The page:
FantasiaFest

The Invisible Man is a horror sub-genre that is not visited enough. Aside from the majorly flawed yet still entertaining Hallow Man (Kevin Bacon rocked that shit!) I can’t think of a single invisible man movie in recent years.  Sure John Carpenter took a swing at it with turning Chevy Chase transparent (something we all wish we could do …), but it seems the invisible man is the red-headed step child of the Universal Monsters and that is a shame. Such a cool character and it seems like you could do a lot with it, besides Kevin Bacon being a sexual predator who kills animals than battles Josh Brolin (Holy Shit, just remembering how awesome Hollow Man was!!!). Thankfully SFX extraordinaire Geoff Redknap felt the same way I did with the invisible man and decided to revolve his feature film debut around him. Is Redknap able to do this character justice or does he just Chevy the shit out of it. Took me 5 years but I finally was able to turn Chevy into a verb… Proud moment for me…

Bob Langmore (Aden Young) is slowly disappearing. I don’t mean he feels like he is losing his identity or has lost himself in vapid materialistic world. No I mean he is actually turning invisible. Instead of forcing his family to slowly watch turn to nothing, Bob has opted for a secluded life in a small logging town. A place where no one notices him anyways. Struggling with losing himself bit by bit, Bob decides it’s time to return home and face his family. Bob’s daughter Eva (Julia Sarah Stone) has her own issues she’s dealing with and is less than thrilled to see her father. If only the two could see (or not see…Hey OH!) that their problems are closer than they think. Throw in a pissed off drug dealer, a crazy Chinatown black market surgeon and Bob’s pissed off Ex-wife’s lesbian partner and you got the makings of  a wild story or a pretty standard family reunion for me.

Aden Young is a criminally under rated actor (Check out the series Rectify if you don’t believe me). He is a force and can convey so much without saying a word. Before the movie kicks in with the drug dealers and organ trading we are with Bob as he deals with losing himself. It’s similar to watching a man come to terms with a terminal diagnosis and Young has the chops to keep this first act endearing and interesting. Doesn’t hurt that Rednap sprinkles in enough invisible goodness to remind us that this is a genre flick.  Or A drama flick disguised as a genre flick. If you took the invisible part out and replaced it with a terminal disease this movie would not miss a beat. Watching Bob try to reconnect with his daughter after taking off 8 years ago is interesting in an uncomfortable/awkward way. Eva doesn’t know why her Dad left and at 16 there never is a good enough excuse. Or so she feels. Once Eva’s secret is revealed she get’s snatched up by black-market weirdos she doesn’t care much why Bob left, just that he needs to save her. Typical woman.Hates you for abandoning her because your turning invisible, but the second she is abducted by the underground organ trade market she’s begging for your help. If I had a nickel every time I heard that one…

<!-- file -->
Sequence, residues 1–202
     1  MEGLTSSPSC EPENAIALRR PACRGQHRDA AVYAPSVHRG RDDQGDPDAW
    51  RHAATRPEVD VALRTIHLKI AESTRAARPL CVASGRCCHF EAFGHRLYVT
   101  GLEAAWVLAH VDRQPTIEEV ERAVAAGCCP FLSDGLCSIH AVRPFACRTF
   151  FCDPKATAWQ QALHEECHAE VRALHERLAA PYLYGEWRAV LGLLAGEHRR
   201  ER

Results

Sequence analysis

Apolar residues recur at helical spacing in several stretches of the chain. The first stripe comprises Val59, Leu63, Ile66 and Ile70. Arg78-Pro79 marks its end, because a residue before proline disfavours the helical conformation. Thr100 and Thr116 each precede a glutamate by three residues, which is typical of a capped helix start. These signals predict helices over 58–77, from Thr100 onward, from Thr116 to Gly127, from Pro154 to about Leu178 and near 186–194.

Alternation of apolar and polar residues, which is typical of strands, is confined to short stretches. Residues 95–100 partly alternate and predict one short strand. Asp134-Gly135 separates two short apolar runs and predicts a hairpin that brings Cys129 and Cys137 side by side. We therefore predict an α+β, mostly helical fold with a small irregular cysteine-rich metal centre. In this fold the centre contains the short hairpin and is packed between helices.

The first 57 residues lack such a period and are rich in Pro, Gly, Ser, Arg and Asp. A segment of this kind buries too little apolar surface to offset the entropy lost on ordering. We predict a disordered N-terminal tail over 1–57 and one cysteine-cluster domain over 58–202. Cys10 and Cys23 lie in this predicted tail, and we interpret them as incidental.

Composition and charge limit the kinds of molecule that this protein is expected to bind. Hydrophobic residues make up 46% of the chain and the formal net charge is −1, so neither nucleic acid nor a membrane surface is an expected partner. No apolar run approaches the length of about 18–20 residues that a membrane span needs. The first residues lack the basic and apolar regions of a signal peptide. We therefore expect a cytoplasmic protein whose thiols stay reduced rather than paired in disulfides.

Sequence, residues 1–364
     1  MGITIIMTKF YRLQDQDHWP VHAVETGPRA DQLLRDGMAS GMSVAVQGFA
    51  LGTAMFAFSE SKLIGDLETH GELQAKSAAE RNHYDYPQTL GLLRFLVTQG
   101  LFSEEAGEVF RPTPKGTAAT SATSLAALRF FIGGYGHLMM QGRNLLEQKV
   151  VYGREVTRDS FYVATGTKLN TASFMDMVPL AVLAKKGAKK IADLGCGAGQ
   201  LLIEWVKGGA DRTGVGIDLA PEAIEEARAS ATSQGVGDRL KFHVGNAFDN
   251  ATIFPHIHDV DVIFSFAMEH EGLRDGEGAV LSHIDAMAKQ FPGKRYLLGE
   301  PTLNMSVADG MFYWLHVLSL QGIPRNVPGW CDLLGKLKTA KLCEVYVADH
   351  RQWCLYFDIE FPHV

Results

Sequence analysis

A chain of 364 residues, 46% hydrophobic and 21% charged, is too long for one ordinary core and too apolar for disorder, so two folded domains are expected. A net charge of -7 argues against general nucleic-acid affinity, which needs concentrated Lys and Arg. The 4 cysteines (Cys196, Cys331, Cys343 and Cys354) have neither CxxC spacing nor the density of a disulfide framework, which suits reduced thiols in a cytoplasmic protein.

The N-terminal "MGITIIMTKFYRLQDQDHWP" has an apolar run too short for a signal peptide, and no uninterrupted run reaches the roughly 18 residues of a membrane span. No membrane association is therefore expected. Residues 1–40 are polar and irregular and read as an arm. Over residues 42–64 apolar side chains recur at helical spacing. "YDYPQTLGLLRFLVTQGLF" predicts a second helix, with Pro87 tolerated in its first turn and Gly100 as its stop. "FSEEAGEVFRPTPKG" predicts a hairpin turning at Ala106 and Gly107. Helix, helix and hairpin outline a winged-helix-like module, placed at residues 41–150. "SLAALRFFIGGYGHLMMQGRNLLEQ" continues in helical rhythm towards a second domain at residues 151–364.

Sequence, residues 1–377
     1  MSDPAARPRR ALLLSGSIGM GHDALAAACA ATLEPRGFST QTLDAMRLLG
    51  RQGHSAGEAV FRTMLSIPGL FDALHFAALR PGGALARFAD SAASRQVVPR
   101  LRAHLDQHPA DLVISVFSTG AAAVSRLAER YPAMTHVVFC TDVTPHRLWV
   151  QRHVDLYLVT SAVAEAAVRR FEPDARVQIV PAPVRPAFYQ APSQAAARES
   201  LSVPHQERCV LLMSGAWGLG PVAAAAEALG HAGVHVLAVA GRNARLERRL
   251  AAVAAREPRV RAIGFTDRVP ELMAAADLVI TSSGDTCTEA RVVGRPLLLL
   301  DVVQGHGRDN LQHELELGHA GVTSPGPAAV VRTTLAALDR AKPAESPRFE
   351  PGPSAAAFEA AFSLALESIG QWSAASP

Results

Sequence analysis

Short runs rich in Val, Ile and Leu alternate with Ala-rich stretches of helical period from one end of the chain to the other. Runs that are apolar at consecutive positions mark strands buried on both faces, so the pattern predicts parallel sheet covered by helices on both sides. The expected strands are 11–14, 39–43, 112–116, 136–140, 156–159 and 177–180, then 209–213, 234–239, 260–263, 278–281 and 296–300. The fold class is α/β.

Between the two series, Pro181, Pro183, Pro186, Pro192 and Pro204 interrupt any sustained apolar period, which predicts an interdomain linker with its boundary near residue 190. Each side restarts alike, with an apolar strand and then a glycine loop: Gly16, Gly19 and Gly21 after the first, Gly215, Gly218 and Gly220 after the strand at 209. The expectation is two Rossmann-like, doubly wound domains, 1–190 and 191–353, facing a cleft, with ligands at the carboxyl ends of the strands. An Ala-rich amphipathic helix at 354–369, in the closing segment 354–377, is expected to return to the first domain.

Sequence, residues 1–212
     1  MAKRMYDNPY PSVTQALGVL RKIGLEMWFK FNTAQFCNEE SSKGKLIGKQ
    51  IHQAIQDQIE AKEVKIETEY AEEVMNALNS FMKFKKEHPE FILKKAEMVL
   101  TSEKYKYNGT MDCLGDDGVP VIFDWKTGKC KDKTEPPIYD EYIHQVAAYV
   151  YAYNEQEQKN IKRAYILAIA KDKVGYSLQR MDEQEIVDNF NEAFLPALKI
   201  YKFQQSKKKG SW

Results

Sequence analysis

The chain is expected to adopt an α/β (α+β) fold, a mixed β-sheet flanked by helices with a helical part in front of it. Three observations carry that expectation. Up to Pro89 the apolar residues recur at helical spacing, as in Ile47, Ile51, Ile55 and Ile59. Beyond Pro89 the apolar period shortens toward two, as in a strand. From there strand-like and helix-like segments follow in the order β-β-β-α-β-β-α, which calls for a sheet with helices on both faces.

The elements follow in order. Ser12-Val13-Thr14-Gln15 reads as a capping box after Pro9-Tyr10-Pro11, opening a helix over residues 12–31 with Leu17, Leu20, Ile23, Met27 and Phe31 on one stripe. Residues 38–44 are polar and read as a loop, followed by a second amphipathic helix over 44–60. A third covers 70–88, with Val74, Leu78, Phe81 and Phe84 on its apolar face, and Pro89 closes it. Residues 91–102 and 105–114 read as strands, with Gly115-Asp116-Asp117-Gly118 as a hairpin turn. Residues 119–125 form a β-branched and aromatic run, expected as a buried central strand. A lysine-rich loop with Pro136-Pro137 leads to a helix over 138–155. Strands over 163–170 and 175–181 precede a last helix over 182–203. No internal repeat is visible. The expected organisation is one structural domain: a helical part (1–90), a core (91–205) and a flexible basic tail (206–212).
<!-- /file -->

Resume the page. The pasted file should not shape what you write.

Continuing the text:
Redknap has a damn impressive resume when it comes to special effects and The Unseen is no exception. Bob is turning invisible not section by section, but chunk by chunk and it looks horrific. The entire movie we get the idea why Bob is dressed the way he is, but nothing can prepare you for what’s underneath. Even with a low-budget Redknap handles all the visual effects shots with an expert hand.

Unseen is not a perfect movie. A disjointed final act and couple support actors who had uneven performances will keep this one from being a genre classic. BUT what The Unseen is a fantastic take on a sub-genre that is not explore nearly enough. Fantastic lead actors, strong special effects and original story proves that Geoff Redknap is more than just a”SFX Guy”. He is a director we should all be on the look out for.

The Unseen is currently playing at Fantasia Film Festival 2016.